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Feline Vaccines

Here at Roosevelt Veterinary Center, our entire veterinary wellness team take the care of your pets very seriously. We believe in the importance of preventing diseases before they happen, letting your cat enjoy a happy and healthy life. Following the American Association of Feline Practitioner’s guidelines for vaccination of cats, our veterinarians offer several vaccines which are important for all cats and one that may be important for your cat depending on his or her lifestyle.

We are proud to be among the leading veterinary hospitals in Brewster and Beacon, and the only veterinary hospital to offer Laparoscopic surgery. In addition to rabies and other pet vaccinations, our pet hospital also offers regular wellness exams with a veterinarian, dental care, surgery, and emergency pet care. Whether your cat needs a major surgery or a rabies vaccination, our pet hospital and veterinary team is ready to provide the best care possible.

Rabies Vaccination (required by NY state law)

Cat Vaccinations in Brewster

Our vets strongly recommends the rabies vaccination for all eligible pets. Rabies is a dangerous and deadly viral disease that causes inflammation of the brain in infected animals. Humans or animals can contract rabies if they are bitten by an infected animal. Infected saliva from the bite can enter the bloodstream, leading to infection and, in many cases, death. For humans, rabies is nearly always fatal if a vaccination is not administered prior to the onset of severe symptoms. A rabies vaccination is extremely important and life-saving, and is required by New York state law for all dogs, cats and ferrets. Even indoor cats can be exposed to rabies if they sneak out or if a wild animal (such as a bat) sneaks in.

The state of New York and local health department laws are extremely strict regarding the vaccination and veterinary care of pets who may be exposed to rabies. If an unvaccinated pet who may have been exposed to rabies has bitten a human, the health department may require that pet to be humanely euthanatized and sent for rabies testing. If an unvaccinated pet may have been exposed to rabies but has not bitten a human, that pet must be quarantined for six months.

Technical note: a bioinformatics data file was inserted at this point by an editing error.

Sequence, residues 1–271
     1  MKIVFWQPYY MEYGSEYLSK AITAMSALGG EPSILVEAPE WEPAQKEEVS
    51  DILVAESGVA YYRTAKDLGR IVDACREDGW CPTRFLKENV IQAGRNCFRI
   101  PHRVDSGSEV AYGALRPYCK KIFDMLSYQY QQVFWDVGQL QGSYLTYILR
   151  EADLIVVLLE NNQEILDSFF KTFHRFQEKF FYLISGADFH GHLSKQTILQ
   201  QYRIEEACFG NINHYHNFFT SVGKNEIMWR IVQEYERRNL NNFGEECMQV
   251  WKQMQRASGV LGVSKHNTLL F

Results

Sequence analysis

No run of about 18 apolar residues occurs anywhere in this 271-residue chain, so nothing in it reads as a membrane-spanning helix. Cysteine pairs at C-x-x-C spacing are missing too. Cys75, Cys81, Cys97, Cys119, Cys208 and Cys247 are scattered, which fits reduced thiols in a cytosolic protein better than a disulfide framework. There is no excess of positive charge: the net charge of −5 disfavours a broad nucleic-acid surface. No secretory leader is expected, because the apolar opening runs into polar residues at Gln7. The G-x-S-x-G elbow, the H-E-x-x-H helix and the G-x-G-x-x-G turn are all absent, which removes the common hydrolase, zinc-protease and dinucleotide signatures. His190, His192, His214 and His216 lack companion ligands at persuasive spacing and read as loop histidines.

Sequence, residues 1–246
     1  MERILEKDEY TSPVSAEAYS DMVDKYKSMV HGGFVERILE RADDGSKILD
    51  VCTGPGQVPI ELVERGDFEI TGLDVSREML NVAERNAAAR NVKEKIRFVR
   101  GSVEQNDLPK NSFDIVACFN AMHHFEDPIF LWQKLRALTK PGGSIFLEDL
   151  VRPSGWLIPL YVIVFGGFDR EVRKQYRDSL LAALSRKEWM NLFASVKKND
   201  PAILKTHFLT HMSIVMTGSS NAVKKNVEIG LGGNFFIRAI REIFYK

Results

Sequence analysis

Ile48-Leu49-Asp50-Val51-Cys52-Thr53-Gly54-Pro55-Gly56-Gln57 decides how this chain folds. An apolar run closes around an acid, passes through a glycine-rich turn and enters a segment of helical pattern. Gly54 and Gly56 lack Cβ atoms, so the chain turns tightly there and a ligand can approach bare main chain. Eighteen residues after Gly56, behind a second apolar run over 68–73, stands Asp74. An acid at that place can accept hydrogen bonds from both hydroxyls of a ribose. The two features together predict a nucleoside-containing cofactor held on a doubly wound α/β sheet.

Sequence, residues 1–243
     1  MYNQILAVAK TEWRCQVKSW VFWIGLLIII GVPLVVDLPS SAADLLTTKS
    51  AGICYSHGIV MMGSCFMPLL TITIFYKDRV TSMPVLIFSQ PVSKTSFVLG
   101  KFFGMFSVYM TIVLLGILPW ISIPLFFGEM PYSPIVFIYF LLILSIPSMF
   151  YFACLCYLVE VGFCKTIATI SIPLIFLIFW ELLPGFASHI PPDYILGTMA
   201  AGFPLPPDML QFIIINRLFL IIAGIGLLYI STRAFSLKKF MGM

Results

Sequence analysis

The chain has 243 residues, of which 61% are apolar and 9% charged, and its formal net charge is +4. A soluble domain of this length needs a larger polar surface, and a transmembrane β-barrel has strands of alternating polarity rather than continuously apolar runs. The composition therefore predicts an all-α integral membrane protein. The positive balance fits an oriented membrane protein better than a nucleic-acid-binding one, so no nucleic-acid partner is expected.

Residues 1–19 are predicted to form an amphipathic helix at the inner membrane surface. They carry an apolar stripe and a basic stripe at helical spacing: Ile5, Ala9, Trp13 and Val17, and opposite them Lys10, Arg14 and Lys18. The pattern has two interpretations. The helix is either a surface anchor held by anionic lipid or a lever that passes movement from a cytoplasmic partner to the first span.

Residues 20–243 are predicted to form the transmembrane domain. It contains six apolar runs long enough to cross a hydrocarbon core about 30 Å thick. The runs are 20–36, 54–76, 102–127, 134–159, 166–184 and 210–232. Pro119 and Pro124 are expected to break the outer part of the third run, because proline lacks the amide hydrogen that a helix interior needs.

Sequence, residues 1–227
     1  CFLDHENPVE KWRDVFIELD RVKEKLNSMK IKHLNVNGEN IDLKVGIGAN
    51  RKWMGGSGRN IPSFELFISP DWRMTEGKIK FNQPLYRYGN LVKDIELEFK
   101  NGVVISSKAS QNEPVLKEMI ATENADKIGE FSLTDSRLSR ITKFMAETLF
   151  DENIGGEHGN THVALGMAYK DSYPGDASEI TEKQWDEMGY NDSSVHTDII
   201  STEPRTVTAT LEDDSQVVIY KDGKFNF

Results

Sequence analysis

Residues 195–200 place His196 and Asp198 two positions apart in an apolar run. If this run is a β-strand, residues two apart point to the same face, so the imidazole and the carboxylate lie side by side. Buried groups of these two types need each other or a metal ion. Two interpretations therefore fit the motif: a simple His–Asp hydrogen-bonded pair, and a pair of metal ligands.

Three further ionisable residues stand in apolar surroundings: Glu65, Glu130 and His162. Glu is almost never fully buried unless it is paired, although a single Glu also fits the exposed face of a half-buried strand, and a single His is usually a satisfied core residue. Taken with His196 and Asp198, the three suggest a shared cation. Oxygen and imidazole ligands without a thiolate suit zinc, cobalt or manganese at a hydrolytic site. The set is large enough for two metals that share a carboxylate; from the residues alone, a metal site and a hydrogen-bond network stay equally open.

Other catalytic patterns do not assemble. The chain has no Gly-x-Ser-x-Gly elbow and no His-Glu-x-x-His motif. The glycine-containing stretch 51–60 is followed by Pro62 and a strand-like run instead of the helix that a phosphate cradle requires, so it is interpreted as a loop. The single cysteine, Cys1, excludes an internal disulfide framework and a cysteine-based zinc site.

Even if an unvaccinated pet has never been exposed to rabies, if that pet bites a person, the pet must be quarantined for 10 days and monitored. If the pet becomes sick and exhibits signs of rabies during this period, the pet must be euthanized and submitted for rabies testing. Sadly, our veterinarian has seen far too many cases where an unvaccinated family pet scuffled with an oddly acting raccoon in the backyard, and the owner who tried to break up the scuffle was bitten. In these sad cases, the family pet had to be euthanized for rabies testing. Our pet hospital strongly recommends that all pet owners comply with state law and vaccinate their pets to avoid the untimely death of their pet or harming the health of another human. You can learn more about state requirements and pet vaccinations at veterinary hospitals by visiting www.health.state.ny.us/diseases.

At Roosevelt Veterinary we are proud to offer the PureVax® feline rabies vaccine which is administered annually. Unlike other rabies vaccines, this one is formulated just for cats - which we all know are not just small dogs!

3-in-1 FVRCP Vaccine

This vaccine protects against feline viral rhinotracheitis (feline herpesvirus-1), calicivirus, and panleukopenia. These diseases are highly contagious and can be fatal, especially for kittens. Although it is often referred to as “feline distemper,” panleukopenia of cats is actually very similar to parvovirus in dogs. The vaccine is about 60% effective for calicivirus, 50% effective for herpesvirus, and nearly 100% effective for panleukopenia, the most fatal of the three diseases. Kittens should be vaccinated every 3-4 weeks starting at 6 weeks of age. Vaccination of adult cats can be decreased to every 1-3 years.

Feline Leukemia Vaccine

Feline leukemia is spread through direct contact between cats. For those cats who become infected, it is generally 1-3 years before they develop signs of illness in the form of fatal cancers such as leukemia or lymphoma. This disease affects approximately 3% of cats in the northeastern US; at Roosevelt Vet on the Hudson we diagnosed our first case of feline leukemia within 2 weeks of opening. Any cat who goes outside without direct supervision should be vaccinated. Cats should be tested for feline leukemia before vaccinating. After an initial series, this vaccine should be repeated annually.

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